Gryphons Seniors Pass Torch for a Bright Baseball Future
Reading an article about baseball coaching, Greenhills head coach Tom Ward recently encountered a phrase that resonated with him: “starting from scratch.”
“We didn’t quite have to start from scratch, because we have a senior class that got to experience the best season in our program’s history when they were sophomores,” Ward said. But because those players missed their formative junior season due to COVID, Ward said, “Their in-game opportunities were very limited.”
Thus, this year’s baseball season has emerged as a transition point, one last full season for the senior class and one more chance for them to pass on their accumulated Greenhills Baseball experience. The team knew from the start that its schedule would be challenging. The plan was always to rely heavily on a talented but inexperienced freshman class, and that was before the team lost two of its strongest, most experienced players to injury. But now, on a team that’s mostly seniors and freshmen, the Gryphons are using this season as an opportunity to painstakingly rebuild their culture and skillset after a year lost to COVID.
“We have a big senior class, and they’re working hard,” Ward said. “But the wins and losses aren’t going to be as important as the legacy they’re going to leave with that freshman class.”
Before the season began, the team lost its top two starting pitchers in the rotation, and two of the team’s anchors in the lineup. The team had to adapt.
Ben Toporski, one of the team’s two captains, stepped up to meet the challenge. Toporski, a lefty, has become the team’s most-used pitcher. He’s taken stints in the Gryphon’s lead-off and clean-up spots; he’s among the team leaders in on-base percentage. He’s pitched, played first base, and played the outfield.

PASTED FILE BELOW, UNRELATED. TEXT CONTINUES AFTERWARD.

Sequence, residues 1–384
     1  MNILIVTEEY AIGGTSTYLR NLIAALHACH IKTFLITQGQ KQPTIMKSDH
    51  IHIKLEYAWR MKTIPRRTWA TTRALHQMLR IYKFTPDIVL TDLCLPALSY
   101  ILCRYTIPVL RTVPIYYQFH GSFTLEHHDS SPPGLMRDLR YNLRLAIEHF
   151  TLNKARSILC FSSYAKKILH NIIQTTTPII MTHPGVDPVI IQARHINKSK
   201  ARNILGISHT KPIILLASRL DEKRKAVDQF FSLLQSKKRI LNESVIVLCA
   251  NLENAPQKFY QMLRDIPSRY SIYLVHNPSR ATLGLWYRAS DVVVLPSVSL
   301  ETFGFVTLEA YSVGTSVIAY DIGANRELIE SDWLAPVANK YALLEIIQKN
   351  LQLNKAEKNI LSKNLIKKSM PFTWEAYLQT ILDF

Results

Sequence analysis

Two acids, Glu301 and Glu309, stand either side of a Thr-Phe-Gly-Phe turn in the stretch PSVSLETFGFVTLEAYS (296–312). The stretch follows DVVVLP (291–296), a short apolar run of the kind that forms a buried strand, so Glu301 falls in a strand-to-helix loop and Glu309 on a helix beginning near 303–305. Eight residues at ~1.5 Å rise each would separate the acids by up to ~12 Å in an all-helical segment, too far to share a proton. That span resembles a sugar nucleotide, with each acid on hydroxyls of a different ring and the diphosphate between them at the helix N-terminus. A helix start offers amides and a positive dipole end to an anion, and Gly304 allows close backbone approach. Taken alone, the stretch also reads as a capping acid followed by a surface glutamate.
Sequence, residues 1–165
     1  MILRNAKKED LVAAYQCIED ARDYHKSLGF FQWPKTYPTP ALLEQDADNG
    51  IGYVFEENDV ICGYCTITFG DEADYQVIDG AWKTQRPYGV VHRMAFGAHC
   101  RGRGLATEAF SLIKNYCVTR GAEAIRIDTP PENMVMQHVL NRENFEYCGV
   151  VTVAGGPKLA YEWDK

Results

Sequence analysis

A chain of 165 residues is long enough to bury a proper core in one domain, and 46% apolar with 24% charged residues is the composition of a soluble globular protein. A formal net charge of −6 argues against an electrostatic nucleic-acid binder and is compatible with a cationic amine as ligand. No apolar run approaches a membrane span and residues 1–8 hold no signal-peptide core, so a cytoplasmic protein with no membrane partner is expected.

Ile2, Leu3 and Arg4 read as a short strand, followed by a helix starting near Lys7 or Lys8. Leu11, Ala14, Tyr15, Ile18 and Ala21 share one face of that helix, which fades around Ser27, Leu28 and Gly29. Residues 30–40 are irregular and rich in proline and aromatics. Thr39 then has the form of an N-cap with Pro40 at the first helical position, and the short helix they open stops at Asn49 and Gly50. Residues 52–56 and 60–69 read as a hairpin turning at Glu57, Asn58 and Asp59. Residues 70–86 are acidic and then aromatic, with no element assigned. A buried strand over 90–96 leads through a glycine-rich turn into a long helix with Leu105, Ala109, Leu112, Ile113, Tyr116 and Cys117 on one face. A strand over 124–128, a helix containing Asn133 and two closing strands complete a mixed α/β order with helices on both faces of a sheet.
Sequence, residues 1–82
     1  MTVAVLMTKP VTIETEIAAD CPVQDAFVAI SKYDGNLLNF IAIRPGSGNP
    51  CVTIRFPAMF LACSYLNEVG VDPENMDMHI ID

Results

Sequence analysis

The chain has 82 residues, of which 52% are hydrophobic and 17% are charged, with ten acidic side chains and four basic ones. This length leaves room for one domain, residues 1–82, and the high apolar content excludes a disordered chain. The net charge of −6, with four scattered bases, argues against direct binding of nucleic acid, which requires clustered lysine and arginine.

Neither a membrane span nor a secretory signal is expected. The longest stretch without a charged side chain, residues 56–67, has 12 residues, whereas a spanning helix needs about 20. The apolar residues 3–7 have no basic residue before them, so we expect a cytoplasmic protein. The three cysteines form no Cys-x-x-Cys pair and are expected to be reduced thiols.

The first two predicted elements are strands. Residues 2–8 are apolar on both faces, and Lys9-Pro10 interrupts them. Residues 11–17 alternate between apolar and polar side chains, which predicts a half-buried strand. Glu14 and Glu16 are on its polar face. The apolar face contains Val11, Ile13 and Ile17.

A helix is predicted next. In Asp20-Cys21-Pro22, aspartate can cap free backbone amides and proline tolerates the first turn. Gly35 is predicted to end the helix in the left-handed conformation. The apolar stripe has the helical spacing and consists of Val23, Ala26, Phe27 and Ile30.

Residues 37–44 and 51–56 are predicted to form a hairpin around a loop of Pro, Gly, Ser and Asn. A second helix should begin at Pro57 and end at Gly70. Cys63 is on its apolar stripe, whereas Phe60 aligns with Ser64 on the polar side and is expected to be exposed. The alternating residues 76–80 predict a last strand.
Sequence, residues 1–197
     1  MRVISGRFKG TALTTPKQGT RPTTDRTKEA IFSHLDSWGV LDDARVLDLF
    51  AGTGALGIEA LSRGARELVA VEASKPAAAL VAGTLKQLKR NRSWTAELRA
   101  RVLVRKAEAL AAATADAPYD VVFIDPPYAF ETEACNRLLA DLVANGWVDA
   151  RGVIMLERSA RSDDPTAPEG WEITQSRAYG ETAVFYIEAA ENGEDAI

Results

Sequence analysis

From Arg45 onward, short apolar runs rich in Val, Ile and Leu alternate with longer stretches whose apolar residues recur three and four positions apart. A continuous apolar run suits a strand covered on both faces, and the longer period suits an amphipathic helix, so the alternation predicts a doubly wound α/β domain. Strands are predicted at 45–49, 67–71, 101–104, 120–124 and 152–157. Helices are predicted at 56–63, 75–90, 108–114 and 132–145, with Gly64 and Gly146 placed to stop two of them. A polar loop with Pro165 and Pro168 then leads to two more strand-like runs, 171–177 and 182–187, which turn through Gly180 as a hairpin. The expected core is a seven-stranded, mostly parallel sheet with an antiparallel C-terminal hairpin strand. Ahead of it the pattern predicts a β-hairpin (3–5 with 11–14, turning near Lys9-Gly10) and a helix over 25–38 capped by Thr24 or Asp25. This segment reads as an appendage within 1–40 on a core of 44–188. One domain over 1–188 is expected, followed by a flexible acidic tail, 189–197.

“I don’t know if this is a surprise, because I totally expected it,” Ward said. “He’s shined in just about every area that we can think of.”
Ward found another standout in senior Sean Henry. Entering pre-season, the team’s injuries left them without a catcher. Then Henry stepped up.
He’d been planning to play third base: he’d been working on the position for years, and Ward had been looking forward to observing his development. But now, without complaint, he took on a grueling new set of responsibilities. At practices, he strapped on the catcher’s gear and blocked one baseball after another. He spent hours learning to frame pitches. He memorized all the different signs, cuts, and calls that hadn’t quite been his job as a third baseman, but were very much his job as a catcher.
“We needed to develop a catcher from scratch,” Ward said. Henry was up to the challenge.
The freshman class, in its first varsity experience, has contributed as well. Brandt Toporski, Ben’s brother, has been the team’s starting second baseman for most of the season; he’s also pitched and played the outfield, and he leads the team in batting average. “He’s being asked to do a lot against guys who are 18 years old, but he goes up there and he battles,” Ward said. Likewise, freshman Jibran Ali has shared catching duties with Henry, played stalwart defense at third base, and provided several excellent pitching outings.
Every freshman, Ward said, has a role. Charles Branch is taking his first varsity at-bats and hitting the ball hard while learning to play first base at the high-school level. Dominic Schuster, known for his acrobatic catches, often enters as a defensive replacement in the outfield, and also dropped down a spectacular bunt to help the team win its first game of the season. Jacob Resnick, already perhaps the team’s fastest player as a freshman, has scored several crucial runs as a pinch-runner. Isaac Hess, recently a basketball standout, has emerged as a consistent, dependable outfielder who always makes the right play, and whose throws are always on target.
At practices, and even in games, Ward sees the massive transfer of knowledge underway. Shivan Amin, who has worked for years on his middle infield defense and now starts at second base, third base, or shortstop, spent his few remaining weeks as a Greenhills baseball player teaching Brandt Toporski what he’s learned. Will Stephens, a senior who beguiles opposing lineups with his funky pitching motion and his “mystery pitch,” played first base when he wasn’t pitching, and he gave Branch the lay of the land.
“It’s exciting to see these seniors pulling up the freshmen, and knowing that in three years they’re going to come back to Senior Day ’24 and see the legacy they left,” Ward said. “That’s what we’re all about.”
By James Schapiro, Greenhills School Staff Writer